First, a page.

Archaeology  Research York

ARISE: Agricultural Revolution In Southern Europe?

Project Member(s):

  • Oliver Craig, Olga Rickards (Roma II), Italo Muntoni (Roma I)
  • Project Dates: 2007 - ongoing
  • Funding Bodies: EU

Description

Between 9,000 and 7,000 years ago the arrival of farming in the Mediterranean basin had far-reaching effects on human demography, health, social organisation and ideology. Many questions surrounding this critical change remain unanswered:

  • Was it a rapid event or a series of drawn-out processes?
  • Were hunting, fishing and gathering totally replaced by farming?
  • Did farming arrive as a integrated package or were some elements introduced earlier than others?
  • Was this process driven by the movement of people, of ideas or of domestic crops and animals?
  • Did it involve the large-scale movement and replacement of people?
  • How did early farming practices and the transition to farming vary in space and time?

This study funded by Marie Curie Actions will explore these questions, uniting a broad range of complementary state-of-the-art analytical methods aimed at the retrieval of molecular information from ancient biological specimens. We will do this by examining the bones of these early peoples, the discarded remains of animals and plants they ate, and the pottery they used, in order to establish how they lived. In doing so, ARISE will address specific models, such as the concept of "Maritime Pioneer Colonization" which has been put forward to explain the dispersal of farming through the Western Mediterranean (Zilhao, 2001; PNAS)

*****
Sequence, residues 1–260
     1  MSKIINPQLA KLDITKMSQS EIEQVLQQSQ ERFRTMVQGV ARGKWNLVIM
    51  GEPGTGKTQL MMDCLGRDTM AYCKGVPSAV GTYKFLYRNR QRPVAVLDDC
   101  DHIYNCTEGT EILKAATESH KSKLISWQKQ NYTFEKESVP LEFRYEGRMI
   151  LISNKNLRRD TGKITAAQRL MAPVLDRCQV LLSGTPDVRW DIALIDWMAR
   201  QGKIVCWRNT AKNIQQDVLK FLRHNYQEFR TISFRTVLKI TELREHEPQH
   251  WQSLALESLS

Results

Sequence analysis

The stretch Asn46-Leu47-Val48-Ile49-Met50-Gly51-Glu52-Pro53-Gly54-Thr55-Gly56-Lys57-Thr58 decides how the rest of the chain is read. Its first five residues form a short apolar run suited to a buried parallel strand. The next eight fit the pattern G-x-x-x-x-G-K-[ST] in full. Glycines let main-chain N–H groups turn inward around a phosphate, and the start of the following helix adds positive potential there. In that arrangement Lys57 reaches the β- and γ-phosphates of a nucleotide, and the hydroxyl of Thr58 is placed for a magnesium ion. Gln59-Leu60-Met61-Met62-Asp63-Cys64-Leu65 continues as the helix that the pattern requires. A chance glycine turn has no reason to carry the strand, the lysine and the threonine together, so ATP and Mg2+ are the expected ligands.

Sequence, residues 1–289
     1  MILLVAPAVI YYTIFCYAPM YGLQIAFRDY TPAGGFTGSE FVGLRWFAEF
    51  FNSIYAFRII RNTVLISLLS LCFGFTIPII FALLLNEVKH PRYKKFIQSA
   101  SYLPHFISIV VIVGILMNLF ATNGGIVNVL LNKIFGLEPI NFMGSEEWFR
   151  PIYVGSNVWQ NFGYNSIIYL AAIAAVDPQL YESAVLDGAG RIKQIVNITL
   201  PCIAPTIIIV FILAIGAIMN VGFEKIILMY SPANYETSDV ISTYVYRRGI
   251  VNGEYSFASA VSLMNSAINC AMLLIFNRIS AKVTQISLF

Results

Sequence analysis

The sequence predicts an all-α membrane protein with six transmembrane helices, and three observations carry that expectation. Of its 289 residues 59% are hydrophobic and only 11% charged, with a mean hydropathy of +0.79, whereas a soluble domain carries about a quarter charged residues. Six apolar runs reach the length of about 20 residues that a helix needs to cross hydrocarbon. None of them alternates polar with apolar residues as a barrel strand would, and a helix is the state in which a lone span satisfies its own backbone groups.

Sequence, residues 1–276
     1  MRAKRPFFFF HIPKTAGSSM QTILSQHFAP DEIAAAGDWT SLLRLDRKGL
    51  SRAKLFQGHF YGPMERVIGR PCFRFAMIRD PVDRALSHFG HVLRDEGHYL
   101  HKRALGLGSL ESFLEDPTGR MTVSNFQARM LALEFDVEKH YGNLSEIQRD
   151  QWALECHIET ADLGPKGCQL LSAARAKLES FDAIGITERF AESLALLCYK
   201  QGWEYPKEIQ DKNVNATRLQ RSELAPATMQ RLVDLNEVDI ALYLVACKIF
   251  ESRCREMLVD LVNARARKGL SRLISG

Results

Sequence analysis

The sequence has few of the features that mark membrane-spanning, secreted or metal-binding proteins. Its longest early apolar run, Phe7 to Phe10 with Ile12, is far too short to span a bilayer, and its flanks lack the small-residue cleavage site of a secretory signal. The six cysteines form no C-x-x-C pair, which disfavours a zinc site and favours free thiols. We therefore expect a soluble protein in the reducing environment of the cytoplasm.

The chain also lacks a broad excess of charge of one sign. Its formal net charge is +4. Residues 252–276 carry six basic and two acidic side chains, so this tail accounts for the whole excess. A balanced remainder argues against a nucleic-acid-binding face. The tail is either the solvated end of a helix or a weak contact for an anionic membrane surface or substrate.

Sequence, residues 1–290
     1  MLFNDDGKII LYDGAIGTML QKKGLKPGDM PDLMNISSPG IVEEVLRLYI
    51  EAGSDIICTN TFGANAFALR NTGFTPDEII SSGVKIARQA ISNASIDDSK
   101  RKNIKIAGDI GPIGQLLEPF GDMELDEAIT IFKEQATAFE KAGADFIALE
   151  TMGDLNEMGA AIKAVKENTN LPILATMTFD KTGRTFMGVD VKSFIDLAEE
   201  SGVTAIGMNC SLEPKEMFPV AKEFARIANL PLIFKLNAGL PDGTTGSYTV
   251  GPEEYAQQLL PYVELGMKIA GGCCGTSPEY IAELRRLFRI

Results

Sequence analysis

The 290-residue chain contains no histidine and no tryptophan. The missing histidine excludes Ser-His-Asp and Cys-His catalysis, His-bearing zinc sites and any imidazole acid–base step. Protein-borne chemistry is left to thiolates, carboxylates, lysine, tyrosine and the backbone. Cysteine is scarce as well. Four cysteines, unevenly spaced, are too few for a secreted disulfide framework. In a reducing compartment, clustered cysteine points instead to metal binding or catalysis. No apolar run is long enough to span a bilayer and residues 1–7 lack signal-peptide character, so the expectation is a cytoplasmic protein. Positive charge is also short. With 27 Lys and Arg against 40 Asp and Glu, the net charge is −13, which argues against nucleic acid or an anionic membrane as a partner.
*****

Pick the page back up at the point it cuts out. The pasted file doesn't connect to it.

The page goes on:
ARISE will unite an number of European laboratories, world renowned for their expertise in biomoleuclar archaeology, with archaeologists based in museums across the Mediterranean.

 

 

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